The George Washington University
This measure is used to assess the percent of patient visits and admissions where preferred written language for health care is screened and recorded.
Administrative clinical data, medical records, and registry data are used.
The measure is currently being tested in nine grantee hospitals in the Aligning Forces for Quality Language Quality Improvement Collaborative (LQIC) in both inpatient and outpatient care settings from July 2009 to October 2010. The nine LQIC hospitals range in size from 7,000 to 50,000 annual admissions and include one children's hospital as well as rural and academic and non-academic community hospitals.
The measure was adapted from the L1A: Screening for Preferred Spoken Language for Health Care, which was used by the 10 grantee hospitals in the Speaking Together National Language Services Collaborative from November 2006 to May 2008. The 10 hospitals reported data monthly on 40,000 – 60,000 patients seen in inpatient and ambulatory care settings. Hospitals ranged in size from 11,500 to 44,000 admissions and included two children's hospitals as well as both academic teaching and non-teaching community hospitals.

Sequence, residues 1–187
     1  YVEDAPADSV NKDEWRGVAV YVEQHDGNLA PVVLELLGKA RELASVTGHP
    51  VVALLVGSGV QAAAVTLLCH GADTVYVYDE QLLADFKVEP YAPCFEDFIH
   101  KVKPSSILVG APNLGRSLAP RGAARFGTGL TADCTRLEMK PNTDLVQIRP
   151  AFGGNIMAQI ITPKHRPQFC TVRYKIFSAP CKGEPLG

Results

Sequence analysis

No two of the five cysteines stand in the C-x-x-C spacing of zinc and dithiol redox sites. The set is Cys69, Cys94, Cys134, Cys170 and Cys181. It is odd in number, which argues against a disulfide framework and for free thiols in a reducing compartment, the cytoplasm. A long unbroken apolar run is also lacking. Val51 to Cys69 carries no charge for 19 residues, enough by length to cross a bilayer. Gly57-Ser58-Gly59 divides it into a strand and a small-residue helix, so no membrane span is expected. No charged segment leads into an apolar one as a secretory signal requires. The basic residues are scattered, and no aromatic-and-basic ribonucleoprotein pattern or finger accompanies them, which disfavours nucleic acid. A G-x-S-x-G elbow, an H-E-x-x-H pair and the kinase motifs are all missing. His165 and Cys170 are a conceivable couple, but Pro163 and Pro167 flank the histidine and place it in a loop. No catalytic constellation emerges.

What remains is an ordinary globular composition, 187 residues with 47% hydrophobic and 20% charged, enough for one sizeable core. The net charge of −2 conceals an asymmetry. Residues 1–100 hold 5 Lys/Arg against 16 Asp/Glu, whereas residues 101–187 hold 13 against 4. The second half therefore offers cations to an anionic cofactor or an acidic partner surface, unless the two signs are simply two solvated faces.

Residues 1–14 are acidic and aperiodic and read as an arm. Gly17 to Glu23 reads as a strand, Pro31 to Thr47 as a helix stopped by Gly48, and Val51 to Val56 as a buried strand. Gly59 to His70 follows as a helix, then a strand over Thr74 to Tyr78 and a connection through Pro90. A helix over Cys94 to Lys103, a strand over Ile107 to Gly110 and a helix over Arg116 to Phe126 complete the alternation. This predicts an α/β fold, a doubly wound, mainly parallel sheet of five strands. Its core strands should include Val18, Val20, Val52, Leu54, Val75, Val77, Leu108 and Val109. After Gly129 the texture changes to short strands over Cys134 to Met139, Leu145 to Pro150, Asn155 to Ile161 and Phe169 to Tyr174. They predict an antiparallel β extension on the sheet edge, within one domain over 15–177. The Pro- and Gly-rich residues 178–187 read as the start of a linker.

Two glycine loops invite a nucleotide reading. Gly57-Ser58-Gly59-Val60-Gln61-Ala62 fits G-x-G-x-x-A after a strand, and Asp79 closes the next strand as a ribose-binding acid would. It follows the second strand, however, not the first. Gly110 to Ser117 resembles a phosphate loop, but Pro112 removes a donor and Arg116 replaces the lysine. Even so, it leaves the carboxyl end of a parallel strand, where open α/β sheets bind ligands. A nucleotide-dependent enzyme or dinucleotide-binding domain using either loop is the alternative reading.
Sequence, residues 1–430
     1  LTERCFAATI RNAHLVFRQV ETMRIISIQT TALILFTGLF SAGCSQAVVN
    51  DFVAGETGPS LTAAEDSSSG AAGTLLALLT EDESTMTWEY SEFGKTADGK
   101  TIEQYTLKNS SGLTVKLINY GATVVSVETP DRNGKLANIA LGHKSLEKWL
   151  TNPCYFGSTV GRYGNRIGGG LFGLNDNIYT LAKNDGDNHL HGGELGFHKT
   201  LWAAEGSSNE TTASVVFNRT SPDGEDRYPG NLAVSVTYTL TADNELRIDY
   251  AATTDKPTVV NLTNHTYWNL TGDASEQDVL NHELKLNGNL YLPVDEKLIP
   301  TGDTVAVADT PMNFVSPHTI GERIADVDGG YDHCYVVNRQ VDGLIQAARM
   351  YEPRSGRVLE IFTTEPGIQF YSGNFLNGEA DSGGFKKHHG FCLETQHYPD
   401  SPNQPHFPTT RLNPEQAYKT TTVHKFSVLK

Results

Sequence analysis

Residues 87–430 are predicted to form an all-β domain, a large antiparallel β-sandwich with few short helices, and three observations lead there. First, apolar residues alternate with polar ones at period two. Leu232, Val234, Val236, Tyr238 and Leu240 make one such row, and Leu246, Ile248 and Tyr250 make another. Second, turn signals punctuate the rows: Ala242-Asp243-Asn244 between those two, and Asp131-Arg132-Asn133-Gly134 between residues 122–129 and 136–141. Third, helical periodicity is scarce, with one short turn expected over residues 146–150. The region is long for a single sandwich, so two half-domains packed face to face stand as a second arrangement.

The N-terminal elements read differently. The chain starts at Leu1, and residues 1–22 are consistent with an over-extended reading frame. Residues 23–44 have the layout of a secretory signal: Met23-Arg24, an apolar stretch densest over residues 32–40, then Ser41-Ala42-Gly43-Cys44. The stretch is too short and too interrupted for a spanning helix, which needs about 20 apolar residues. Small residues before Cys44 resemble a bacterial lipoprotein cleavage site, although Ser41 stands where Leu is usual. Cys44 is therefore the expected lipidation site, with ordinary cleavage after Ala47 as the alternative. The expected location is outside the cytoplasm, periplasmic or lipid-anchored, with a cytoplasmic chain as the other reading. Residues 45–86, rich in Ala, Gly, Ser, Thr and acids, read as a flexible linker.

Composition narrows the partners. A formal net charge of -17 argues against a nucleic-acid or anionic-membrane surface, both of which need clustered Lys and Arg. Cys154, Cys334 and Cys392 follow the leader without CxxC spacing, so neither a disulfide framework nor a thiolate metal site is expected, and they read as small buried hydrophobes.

Refer to original measure documentation for additional information.
- Setting: Ambulatory/office-based care, hospitals
- Population: The target population(s) for which the measure is intended or validated.
- Level of evaluation: Hospital
National Quality Measures Clearinghouse (NQMC), available at:
Robert Wood Johnson Foundation. Aligning forces for quality. Language services performance measures implementation guide, version 1.1. Washington, DC: George Washington University; 2009, Aug. p. 84.
For more information, please contact:
Center for Health Care Quality
Department of Health Policy
George Washington University School of Public Health and Health Services
2121 K Street, Suite 200
Washington, DC 20037